Put Yourself Second…

We all want more “likes” and “followers” because it leads to popularity, attention, and ultimately more money (theoretically).  But mostly, we all want more gigs.  If you’re not getting enough stage time, whether it be open mics, professional gigs, or those shows in between where a handful of comics split the door, this entry has a tip to fix that.  The same method can work with Facebook likes (and all the Twitter equivalents).  Take the focus off of “me, me, me” and help out a friend. 

With every show you do, recommend others from your comedy community who could also perform at that venue in the future.  For example, I just worked the opening weekend of a new club.  The owner is also the booker, so I was sure to give him the names of other St. Louis comics (and reminded him that this saves him on hotel charges because it’s only 2 hours away).  I chose a lot of the comics who have helped me get work in the past.  Obviously you want to be sure your recommendations are funny too.

Whenever I get random gig offers I’m always sure to ask how they found my name.  This is an extremely important habit.  Dan Chopin has been the most helpful in the last few years (Thanks Dan!), so of course he was at the top of my list for this new club’s recommendations.  And he’s very funny.

If you’re not getting enough love on social media, post something complimentary about someone on their page.  We all sound ridiculous when we have to brag about ourselves, so do some of your buddy’s promo for him or her.  It makes followers think they’re a bigger deal than they are instead of having them think the whole page is just endless self-promotion.  This can also improve your reputation in your comedy circle that you may have previously damaged.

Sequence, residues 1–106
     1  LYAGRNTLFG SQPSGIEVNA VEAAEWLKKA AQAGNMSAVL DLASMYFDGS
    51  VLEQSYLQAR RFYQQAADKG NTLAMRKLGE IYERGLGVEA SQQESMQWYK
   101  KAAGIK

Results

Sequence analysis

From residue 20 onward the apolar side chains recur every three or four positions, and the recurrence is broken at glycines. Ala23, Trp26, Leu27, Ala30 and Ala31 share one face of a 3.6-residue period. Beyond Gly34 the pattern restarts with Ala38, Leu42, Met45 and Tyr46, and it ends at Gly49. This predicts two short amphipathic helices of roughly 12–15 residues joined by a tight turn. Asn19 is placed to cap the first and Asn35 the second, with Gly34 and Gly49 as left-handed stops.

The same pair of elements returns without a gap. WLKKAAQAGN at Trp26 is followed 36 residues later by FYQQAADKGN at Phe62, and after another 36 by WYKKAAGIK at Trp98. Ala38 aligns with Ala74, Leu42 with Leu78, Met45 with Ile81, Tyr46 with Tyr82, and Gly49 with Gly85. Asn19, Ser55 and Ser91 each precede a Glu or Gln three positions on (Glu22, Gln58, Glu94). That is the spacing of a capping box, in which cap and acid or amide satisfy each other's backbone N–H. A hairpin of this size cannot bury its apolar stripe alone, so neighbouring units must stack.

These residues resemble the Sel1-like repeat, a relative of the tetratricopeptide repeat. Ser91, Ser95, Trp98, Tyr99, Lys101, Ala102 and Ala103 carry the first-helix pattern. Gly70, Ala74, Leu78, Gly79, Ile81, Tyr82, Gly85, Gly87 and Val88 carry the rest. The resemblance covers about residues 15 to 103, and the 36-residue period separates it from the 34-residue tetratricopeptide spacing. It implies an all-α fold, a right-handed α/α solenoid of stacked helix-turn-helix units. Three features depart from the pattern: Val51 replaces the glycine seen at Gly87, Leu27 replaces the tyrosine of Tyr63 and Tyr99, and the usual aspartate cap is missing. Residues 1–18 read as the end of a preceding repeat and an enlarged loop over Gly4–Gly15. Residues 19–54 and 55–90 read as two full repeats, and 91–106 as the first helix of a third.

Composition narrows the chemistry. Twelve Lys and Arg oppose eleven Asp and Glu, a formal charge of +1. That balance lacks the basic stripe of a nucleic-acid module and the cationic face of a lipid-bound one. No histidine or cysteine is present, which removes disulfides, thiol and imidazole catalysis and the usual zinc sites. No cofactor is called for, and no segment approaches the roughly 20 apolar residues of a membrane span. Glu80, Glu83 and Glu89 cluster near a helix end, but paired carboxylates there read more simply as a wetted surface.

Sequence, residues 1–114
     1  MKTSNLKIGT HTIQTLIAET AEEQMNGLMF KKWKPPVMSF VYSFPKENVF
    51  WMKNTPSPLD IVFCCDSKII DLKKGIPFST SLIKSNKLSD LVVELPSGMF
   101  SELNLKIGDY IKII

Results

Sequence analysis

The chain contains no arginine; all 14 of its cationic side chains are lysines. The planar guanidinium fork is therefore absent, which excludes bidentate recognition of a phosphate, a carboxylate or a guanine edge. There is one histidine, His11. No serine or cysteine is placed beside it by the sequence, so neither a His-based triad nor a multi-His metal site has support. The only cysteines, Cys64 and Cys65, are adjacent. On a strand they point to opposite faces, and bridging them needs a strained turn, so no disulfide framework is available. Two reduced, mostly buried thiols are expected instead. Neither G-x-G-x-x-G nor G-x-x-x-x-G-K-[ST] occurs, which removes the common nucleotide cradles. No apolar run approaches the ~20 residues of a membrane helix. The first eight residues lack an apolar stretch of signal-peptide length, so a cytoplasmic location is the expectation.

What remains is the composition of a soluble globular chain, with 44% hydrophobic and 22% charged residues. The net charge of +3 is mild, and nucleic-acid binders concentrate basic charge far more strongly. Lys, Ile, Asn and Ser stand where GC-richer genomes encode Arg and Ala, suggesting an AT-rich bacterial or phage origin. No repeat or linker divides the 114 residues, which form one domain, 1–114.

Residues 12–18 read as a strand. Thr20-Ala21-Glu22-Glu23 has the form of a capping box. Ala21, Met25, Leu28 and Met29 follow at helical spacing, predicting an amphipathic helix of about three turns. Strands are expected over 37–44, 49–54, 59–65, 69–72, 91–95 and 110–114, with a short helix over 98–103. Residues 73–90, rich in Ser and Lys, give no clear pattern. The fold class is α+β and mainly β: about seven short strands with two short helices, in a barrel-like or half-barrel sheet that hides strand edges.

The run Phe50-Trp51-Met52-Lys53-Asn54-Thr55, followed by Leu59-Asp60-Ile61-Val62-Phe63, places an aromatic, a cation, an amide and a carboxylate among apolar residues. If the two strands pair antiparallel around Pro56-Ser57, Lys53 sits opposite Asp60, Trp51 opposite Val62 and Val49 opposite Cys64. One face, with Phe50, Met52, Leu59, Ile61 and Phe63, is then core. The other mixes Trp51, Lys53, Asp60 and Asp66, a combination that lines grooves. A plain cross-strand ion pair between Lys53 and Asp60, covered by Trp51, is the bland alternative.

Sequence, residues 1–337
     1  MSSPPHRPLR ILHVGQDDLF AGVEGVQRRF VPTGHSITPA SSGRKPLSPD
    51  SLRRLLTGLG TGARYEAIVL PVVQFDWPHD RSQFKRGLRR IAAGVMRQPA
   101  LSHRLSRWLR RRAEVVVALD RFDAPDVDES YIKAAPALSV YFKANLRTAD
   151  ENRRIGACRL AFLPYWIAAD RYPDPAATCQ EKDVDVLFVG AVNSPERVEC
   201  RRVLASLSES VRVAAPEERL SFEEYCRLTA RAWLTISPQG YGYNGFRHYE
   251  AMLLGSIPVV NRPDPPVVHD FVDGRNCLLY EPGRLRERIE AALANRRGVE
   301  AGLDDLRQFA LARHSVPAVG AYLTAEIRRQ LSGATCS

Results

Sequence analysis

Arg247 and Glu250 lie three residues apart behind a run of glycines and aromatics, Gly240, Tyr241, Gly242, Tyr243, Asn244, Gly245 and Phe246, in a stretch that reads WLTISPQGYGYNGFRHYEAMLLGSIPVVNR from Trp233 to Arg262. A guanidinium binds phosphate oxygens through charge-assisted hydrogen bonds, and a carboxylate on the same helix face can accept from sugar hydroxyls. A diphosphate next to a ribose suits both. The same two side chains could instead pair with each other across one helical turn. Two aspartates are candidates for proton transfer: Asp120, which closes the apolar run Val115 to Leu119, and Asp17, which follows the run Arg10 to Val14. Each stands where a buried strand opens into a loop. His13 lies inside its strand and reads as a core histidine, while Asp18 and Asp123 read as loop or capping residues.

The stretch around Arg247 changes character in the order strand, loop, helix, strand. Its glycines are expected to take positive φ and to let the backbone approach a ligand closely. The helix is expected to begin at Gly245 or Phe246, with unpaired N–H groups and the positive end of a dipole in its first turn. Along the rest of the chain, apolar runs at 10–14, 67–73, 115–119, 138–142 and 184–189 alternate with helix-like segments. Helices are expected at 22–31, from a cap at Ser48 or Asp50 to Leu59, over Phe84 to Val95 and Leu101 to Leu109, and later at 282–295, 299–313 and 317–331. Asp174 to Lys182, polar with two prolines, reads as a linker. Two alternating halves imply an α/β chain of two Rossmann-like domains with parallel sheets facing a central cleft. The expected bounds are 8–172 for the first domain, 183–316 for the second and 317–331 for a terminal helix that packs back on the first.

Getting booked sometimes takes a little luck, but by helping others out you can really improve the odds that your name is mentioned to someone who runs a show.

For more advice on how to make money in stand-up comedy, order my book, Don’t Wear Shorts on Stage from Amazon, Kindle, iTunes, Nook, etc.

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About Rob Durham

With an English Degree, three years as a doorman at the Columbus Funnybone, over a decade of stand-up experience, and a recent certification in teaching high school English class, writing a book seemed like the next inevitable step for Rob Durham. The son of a coach, Rob has an excellent ability to teach and explain things in the easiest and most direct way possible. His (often labeled ridiculous) memory allows him to think of every possible situation that a new comic might face because at one point he was there too. Rob gives an inside look at comedy that doesn’t sugarcoat the challenges every performer faces. Without ego and the myth that “anyone can do it” Rob gives the reader a true feel of what living the so-called dream feels like, from preparing for that first open mic night to touring the country. View all posts by Rob Durham

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